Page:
Prayer provides more than an opportunity for the tech crew and musicians to move things around and get in place. It’s conversing with our heavenly Father, expressing our desperate need, expecting him to do abundantly more than we could ask or think (Eph. 3:20), asking him to conform our hearts and wills to his own, and teaching the church how to pray.

Even the announcements are an opportunity to demonstrate how the gospel motivates us to do what we do, provide testimonies of how individuals are joyfully laying down their lives, make known what God’s grace is accomplishing, and highlight ways people can live out their faith before a watching world.

Whenever we do something repeatedly, week after week, we have two tendencies. One is to revert to a formalism that requires no faith or Spirit-given power. It’s easier. It’s more efficient. And it’s deadening.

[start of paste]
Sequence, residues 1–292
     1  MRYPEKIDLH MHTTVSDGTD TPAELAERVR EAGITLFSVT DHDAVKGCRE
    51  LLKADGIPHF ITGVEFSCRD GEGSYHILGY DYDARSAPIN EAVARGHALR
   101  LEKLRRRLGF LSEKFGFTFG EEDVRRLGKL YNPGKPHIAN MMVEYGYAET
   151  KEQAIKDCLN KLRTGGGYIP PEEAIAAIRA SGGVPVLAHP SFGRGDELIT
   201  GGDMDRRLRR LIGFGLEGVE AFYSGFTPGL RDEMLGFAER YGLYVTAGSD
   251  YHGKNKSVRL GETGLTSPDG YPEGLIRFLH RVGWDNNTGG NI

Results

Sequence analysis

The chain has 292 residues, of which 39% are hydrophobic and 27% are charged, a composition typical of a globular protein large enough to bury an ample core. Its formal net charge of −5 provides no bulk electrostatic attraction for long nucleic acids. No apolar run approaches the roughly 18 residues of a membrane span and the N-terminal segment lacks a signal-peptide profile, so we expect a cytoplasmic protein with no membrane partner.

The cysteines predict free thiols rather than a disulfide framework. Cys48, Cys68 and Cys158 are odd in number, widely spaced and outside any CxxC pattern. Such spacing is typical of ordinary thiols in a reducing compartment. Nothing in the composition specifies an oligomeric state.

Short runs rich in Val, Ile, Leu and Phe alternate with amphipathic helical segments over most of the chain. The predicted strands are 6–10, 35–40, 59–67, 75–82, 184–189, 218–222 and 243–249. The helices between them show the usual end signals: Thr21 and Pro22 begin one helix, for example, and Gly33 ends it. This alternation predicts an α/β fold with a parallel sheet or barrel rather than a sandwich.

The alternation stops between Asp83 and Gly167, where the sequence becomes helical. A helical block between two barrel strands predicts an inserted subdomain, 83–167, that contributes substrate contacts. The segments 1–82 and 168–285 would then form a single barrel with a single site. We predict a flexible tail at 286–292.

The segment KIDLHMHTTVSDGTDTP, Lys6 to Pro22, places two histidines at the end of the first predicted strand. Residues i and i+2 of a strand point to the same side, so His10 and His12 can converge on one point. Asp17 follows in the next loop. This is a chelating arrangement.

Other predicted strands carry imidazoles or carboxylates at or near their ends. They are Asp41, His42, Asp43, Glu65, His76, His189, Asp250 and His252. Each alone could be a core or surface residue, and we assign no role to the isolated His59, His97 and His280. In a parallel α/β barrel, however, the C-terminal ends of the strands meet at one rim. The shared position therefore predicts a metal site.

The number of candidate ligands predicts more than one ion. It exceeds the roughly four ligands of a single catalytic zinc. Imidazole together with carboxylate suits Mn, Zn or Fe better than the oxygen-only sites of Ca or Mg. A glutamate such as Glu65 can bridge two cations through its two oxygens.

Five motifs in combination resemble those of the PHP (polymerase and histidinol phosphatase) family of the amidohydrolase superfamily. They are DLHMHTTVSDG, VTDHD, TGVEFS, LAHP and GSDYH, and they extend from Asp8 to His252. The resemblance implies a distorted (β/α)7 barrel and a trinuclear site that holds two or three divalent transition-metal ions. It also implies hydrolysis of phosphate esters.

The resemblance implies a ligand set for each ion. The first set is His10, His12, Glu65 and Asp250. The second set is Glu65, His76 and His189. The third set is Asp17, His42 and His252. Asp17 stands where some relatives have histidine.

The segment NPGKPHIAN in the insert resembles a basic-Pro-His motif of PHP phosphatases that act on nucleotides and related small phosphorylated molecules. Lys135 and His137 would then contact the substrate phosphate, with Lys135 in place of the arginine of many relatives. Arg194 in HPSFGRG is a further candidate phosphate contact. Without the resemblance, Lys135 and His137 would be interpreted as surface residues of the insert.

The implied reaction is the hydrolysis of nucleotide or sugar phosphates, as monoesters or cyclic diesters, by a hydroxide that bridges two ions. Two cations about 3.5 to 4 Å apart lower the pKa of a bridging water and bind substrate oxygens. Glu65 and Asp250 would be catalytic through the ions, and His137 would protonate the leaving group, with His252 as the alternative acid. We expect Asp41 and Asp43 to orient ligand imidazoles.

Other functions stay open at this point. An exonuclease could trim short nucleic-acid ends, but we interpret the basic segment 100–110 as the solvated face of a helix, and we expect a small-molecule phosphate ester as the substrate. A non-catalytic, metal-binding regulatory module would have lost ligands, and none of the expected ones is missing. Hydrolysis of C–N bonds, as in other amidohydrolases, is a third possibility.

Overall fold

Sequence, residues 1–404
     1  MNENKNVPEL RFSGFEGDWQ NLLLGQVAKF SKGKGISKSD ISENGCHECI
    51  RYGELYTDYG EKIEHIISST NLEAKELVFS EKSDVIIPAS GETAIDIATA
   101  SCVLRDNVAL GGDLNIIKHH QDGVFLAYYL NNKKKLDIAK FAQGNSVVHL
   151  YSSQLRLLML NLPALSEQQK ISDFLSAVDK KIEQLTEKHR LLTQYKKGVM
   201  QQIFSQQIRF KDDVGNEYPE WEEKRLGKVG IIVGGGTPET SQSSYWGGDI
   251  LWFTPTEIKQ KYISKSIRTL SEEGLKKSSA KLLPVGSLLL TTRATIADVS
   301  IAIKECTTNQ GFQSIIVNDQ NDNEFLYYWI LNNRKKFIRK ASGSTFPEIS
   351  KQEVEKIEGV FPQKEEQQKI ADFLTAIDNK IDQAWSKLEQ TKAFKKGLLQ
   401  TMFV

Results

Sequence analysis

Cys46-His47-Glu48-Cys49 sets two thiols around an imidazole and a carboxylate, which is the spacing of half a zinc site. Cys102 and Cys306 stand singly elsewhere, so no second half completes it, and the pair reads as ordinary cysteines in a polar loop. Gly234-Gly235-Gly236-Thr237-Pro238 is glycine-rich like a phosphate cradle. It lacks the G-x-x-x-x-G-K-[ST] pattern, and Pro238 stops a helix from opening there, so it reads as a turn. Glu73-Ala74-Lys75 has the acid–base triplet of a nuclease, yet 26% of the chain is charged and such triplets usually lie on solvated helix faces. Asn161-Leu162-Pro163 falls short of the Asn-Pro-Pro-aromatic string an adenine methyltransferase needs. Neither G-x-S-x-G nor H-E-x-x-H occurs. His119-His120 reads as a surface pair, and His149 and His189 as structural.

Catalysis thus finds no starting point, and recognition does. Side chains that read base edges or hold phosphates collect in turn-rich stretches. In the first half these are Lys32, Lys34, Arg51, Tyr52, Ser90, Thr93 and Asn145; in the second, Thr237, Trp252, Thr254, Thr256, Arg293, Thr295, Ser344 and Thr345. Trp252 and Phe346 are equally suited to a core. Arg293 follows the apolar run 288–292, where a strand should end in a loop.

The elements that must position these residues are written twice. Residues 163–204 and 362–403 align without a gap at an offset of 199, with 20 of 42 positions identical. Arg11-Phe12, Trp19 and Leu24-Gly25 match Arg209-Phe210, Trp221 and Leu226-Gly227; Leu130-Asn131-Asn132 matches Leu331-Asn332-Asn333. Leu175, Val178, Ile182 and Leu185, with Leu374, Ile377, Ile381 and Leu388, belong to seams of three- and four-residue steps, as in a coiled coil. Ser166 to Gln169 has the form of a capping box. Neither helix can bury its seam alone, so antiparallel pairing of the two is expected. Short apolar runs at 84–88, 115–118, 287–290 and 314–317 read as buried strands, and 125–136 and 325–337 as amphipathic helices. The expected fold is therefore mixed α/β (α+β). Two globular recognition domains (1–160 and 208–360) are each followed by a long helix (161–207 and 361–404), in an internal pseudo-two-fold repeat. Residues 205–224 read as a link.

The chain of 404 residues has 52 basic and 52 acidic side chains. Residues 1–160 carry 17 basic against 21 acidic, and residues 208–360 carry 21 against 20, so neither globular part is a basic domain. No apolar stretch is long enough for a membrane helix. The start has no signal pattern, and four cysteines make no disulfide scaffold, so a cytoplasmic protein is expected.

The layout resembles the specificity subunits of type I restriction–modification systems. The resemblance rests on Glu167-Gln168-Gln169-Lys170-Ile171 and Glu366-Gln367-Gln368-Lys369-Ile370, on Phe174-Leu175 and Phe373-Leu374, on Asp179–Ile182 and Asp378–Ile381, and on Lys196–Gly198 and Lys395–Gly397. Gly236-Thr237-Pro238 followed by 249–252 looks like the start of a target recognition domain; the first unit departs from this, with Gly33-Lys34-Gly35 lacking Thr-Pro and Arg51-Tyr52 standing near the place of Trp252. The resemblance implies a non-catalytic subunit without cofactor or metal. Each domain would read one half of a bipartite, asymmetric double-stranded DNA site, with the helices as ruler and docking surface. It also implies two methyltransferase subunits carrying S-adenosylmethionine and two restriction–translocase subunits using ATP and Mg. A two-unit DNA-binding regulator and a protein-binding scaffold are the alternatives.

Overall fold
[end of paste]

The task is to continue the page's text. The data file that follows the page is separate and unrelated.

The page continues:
The other tendency is to become more creative with the containers at the expense of what’s being said. That too is deadening. Focusing on content over containers doesn’t negate creativity. It just gives it the right focus, direction, and purpose.

As we think about, plan for, and lead our meetings, let’s never lose sight of the fact that gathering as the church is one of the most significant events on earth. More dramatic than any movie, more exciting than any sporting event, and more life-changing than any political rally. We are the people of God, met together in his presence, joining with innumerable saints and angels in heaven, proclaiming the greatness of the Lamb who was slain, edifying each other through the use of spiritual gifts, and being transformed into his image as we feed on his Word and behold his glory (1 Pet. 2:9-10; Mt. 18:20; Heb. 12:22-24; Rev. 5:9-10; 1 Cor. 12:4-7; 2 Tim. 3:16; 2 Cor. 3:18).

How can that ever be dull or routine?